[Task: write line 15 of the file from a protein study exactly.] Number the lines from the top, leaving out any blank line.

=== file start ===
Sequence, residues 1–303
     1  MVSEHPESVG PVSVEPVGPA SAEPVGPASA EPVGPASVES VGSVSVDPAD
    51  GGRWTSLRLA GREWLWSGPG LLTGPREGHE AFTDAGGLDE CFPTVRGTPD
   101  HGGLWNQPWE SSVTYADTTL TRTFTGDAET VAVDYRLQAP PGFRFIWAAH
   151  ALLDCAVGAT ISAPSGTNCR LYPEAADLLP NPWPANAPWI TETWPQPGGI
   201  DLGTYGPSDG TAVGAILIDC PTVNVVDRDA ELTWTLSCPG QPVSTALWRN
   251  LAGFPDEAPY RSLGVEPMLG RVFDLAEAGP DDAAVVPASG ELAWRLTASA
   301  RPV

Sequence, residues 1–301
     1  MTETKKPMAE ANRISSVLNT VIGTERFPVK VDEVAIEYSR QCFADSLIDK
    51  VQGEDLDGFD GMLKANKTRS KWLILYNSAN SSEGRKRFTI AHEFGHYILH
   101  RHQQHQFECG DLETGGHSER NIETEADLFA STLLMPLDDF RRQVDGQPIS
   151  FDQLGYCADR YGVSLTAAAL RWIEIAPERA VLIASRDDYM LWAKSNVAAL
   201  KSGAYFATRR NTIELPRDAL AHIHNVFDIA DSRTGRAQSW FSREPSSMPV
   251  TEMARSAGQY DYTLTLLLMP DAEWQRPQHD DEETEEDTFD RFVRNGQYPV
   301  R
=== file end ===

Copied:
   251  TEMARSAGQY DYTLTLLLMP DAEWQRPQHD DEETEEDTFD RFVRNGQYPV